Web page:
12 April 2011

Interview with Sophie Bottomley

artisan interviews Sophie Bottomley, whose architectural sculptures are on display in Critical Craftings: Unleashed 2011 until Saturday 14 May.

Sophie Bottomley's works in Critical Craftings: Unleashed 2011. Photo: A. Higgins
 Tell us about your background – how did you come to be a creative practitioner?
From early on I have always loved to make things, however I never thought I would be able to make a career out of it. When I finished high school I decided to study architecture which I fell in love with and slowly found my own way of working which has come to be the most valuable experience of my creative practice to date. However, architecture in university and in practice differ greatly and the types of conceptual projects we were able to develop at uni were not the kinds of projects you are able to do in practice, unless of course you are Frank Gehry or someone of his league. After 4 years I stopped studying and took a year off, where flicking through the pages of Pol Oxygen Magazine I encountered some practitioners that seemed to get away with conceptual ideas of space in the name of art. At this point I decided I had to stop fighting it and see if I could make this art thing work. I have just completed a Bachelor of Fine Art majoring in Sculpture at QCA and am just in the beginning of my Honours year.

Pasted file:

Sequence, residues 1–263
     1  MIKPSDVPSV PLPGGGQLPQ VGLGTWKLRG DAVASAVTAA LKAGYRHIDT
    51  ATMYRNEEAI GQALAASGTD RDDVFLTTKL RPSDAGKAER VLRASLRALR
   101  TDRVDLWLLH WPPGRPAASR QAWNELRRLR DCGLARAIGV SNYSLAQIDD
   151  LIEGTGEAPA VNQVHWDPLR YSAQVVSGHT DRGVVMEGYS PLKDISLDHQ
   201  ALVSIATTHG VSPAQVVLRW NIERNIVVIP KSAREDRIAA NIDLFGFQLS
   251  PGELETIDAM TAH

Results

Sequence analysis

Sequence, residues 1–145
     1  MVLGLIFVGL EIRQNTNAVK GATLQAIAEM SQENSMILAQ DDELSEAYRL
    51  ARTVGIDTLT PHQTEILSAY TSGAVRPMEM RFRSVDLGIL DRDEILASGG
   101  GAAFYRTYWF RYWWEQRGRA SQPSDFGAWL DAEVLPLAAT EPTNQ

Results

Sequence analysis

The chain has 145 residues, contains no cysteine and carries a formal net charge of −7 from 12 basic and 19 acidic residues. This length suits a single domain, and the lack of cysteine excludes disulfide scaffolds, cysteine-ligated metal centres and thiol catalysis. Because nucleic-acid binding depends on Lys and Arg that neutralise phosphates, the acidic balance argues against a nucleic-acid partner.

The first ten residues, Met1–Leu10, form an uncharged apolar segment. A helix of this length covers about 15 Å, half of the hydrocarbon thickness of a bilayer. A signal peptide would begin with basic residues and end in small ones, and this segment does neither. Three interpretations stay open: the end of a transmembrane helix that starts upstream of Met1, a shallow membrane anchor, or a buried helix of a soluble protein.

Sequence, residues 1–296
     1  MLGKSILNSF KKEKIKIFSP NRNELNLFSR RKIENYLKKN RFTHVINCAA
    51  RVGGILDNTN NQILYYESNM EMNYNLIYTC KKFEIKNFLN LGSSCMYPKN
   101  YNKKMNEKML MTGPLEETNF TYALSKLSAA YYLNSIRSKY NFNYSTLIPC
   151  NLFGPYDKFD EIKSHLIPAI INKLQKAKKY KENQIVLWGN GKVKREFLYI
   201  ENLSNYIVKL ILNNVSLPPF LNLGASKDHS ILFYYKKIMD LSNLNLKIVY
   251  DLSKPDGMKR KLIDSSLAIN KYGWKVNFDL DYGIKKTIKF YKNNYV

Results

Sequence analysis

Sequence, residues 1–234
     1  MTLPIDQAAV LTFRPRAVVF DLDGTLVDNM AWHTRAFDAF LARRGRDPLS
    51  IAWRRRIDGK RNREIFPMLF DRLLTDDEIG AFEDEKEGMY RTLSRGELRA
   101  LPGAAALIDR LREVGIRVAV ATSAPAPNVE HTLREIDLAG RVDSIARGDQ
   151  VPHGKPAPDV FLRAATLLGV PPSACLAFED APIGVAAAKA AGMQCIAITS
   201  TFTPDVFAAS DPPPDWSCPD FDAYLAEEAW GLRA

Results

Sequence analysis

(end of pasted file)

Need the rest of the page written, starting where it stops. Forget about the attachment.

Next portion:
Sophie Bottomley, Feeling outside the box one's in (detail) 2010, pine on pine stand. Photo: A. Higgins.

Where do you find your inspiration?
Inspiration generally strikes when you least expect it but currently I find books on philosophy, qualities of architecture, and how the body perceives space to be some of the most inspiring. A discovery can strike from anything that’s why it’s important to always immerse yourself in as much as you can. I am always looking at design and art magazines and blogs, as well as going out and seeing art. Sometimes just being outside of your everyday environment can provide many unexpected encounters.

What other creative people do you admire?
I think anyone who is making a life for themselves following a creative pursuit is someone to admire. But more specifically I love the work of Mikala Dwyer, Roni Horn, Tara Donovan, Ann Hamilton, Matthew Barney, Hany Armanious and Robin Rhodes.

Sophie Bottomley, To escape from silence (detail) 2010, paper on pine stand.
What’s next for your practice?
I am currently studying Honours at QCA where I aim to push my ideas of space even further in the sculptural field. It has long been my goal to merge my love of architecture and sculpture in the creation of large scale spaces that evoke an emotional or sensory reaction in the occupant. Perhaps I’ll even try to change the face of public art and the ‘plop art’ phenomenon that so often occurs.

I couldn’t live without…?
The people I surround myself with daily and my dog - definitely the artist's best friend being a constant companion in the studio.

Favourite café/restaurant?
Currently Flute at Coorparoo.

Favourite weekend pastime?
Trips to the beach, Bangalow or Maleny.

Sophie Bottomley, Within two limits (detail) 2010, air-dry modeling clay on pine stand.

Sophie Bottomley, Feeling outside the box one's in 2010, pine on pine stand. Photo: A. Higgins.

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